Yes, there's always been an element of right-wing craziness in America and in the Republican Party, but that used to be contained by the Democratic Party, which was more likely to respond to the majority of the country - and the needs of the American people.
That's no longer true. The Democratic leadership today agrees with the policy goals of the crazy right wing, they just don't foam at the mouth when they explain themselves, thus lulling people into thinking they believe something else.
It is not hard to hate this Democratic leadership, as long as you don't feel a tribal loyalty to being a Democrat or a "liberal". On television, you rarely see the identified Democrat or "liberal" make substantive arguments against Republicans, so it's not as if they are holding up a standard that might make self-identified "conservatives" or Republicans open their eyes. In fact, they generally confirm whatever the Republicans said while nit-picking, thus making the Republicans sound even more correct.
So, just as a start, you have the so-called "liberals" and "moderates" and "centrists" of the elite enabling the craziest behavior by the Republicans.
How do these crazy Republicans get to be leaders in their party? It's pretty simple, really - they have no opposition party to compete with. The gerrymandering that gives them a disproportionate percentage of seats in Congress has in large part been agreed to by Democrats, often creating safe Republican seats where there should be none. (I mean, New York? How can that happen in New York?)
But it's worse than that - there are beatable crazy Republicans in the leadership of their party who the Democratic leadership has deliberately refused to oppose. Dems could easily have beaten people like Paul Ryan, for example, if they had simply agreed to put some money behind the Democratic candidate.
And while all this madness goes on, as we watch the most mean-hearted and bullying creeps in the country living high on the hog, we are constantly being told - by Democrats! - that WE have to sacrifice "for the good of the country". Billionaires openly steal our homes and no one even forces them to make restitution, let alone put them in jail where they belong, and WE should be the ones to sacrifice? Really?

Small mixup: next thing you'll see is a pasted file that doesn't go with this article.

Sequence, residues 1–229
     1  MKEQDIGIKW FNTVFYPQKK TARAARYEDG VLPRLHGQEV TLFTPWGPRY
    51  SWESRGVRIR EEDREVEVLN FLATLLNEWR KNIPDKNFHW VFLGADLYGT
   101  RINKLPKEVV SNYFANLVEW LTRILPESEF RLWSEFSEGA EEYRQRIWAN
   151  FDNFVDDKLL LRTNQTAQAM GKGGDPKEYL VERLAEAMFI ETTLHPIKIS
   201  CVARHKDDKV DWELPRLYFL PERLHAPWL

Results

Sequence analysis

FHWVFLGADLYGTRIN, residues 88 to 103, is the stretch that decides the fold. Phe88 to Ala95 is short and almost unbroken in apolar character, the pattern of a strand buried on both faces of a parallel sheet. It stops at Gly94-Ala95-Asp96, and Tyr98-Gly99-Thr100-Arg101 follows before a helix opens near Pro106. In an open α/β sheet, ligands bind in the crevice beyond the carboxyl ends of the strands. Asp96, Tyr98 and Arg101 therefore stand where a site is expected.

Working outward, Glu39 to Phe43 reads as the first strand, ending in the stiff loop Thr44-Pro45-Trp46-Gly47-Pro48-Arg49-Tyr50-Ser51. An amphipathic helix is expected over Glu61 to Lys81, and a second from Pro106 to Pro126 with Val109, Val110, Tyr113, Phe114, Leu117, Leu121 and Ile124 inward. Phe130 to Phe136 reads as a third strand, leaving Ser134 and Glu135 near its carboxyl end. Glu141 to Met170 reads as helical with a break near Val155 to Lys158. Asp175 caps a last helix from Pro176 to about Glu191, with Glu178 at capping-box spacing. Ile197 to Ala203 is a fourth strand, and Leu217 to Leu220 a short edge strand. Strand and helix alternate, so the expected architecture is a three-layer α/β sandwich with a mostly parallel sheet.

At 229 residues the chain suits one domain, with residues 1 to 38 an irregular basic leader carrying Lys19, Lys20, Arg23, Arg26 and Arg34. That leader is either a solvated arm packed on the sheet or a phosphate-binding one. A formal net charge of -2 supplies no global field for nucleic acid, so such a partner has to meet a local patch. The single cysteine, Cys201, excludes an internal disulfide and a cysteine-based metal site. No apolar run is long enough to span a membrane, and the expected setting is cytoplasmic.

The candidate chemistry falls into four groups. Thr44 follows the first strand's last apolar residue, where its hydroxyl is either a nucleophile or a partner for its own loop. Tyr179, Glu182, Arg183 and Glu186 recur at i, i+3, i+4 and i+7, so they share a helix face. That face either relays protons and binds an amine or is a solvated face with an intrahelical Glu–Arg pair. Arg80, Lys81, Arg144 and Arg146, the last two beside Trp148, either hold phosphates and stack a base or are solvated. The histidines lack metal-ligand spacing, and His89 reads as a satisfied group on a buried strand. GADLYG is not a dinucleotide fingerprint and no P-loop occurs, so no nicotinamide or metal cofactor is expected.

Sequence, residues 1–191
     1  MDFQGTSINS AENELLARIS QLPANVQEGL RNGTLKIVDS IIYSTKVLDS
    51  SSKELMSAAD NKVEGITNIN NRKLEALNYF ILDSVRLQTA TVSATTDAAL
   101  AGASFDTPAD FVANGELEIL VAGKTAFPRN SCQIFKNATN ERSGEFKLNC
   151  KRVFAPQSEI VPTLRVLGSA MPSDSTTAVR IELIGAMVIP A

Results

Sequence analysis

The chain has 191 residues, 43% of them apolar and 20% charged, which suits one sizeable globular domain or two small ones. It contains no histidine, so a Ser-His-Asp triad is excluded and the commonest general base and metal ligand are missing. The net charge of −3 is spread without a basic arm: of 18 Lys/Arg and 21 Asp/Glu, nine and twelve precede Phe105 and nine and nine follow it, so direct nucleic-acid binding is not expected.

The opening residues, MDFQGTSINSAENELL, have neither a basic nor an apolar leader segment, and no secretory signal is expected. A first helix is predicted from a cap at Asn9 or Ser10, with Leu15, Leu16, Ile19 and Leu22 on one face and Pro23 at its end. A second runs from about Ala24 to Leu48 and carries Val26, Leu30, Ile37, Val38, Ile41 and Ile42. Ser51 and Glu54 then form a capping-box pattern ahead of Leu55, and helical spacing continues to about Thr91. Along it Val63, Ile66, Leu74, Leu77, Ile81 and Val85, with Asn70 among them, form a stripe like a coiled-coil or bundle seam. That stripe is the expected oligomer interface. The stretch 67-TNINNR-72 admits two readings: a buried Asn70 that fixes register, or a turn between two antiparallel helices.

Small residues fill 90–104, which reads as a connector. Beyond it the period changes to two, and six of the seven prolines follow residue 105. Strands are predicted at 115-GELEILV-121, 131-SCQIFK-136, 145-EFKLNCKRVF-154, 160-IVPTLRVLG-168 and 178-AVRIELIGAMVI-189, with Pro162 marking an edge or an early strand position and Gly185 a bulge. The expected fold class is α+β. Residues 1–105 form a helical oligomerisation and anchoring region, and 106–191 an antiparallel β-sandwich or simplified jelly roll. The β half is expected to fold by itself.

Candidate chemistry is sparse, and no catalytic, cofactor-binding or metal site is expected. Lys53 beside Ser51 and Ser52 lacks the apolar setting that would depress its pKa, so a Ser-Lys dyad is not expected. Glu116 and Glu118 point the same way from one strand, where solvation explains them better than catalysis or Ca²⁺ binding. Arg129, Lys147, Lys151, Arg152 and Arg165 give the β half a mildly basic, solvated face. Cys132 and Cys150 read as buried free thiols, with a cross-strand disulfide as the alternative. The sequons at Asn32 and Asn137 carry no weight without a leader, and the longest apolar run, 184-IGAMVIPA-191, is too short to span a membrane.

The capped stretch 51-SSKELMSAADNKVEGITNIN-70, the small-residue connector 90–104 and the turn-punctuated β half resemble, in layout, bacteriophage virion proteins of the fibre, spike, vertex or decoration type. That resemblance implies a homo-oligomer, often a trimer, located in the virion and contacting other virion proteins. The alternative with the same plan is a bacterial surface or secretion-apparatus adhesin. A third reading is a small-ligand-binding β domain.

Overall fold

We've already sacrificed quite a good deal. We've sacrificed a country where we could afford to pay our medical bills and prescriptions out of pocket, where there were decent jobs (with decent protections) for almost anyone who wanted one, where we had schools that were mostly good and slowly improving, where the fat of the land was available to most and being slowly extended to all. Because suddenly it went into reverse and we have a country with high unemployment, unceasing debt, where only one party to a contract has to worry about defaulting (because the stronger signee can just do what it wants), where vital resources are becoming unaffordable, where things we've bought and paid for can be stolen out from under us on the whim of some rich creep who wants to be even richer (and wants to make us poorer), where no one says, "It's a free country," anymore, because it isn't. The land of the free is now a police state, the home of the brave is now cowering in fear of imaginary Caliphates in Kansas. We are the tired, the poor, the huddled masses yearning to breathe free - and there is no one to welcome us but the grave. So there'd better be a Heaven.
And Democrats are telling us that we have to give up what little we have left. That's not how Democrats used to talk. So if Republicans sound crazy, the Democrats who keep telling us the Republicans have a point, that the Republicans are reasonable men who can come to reasonable agreements sound even crazier.
Seriously, if you are not angry, there is something wrong with you.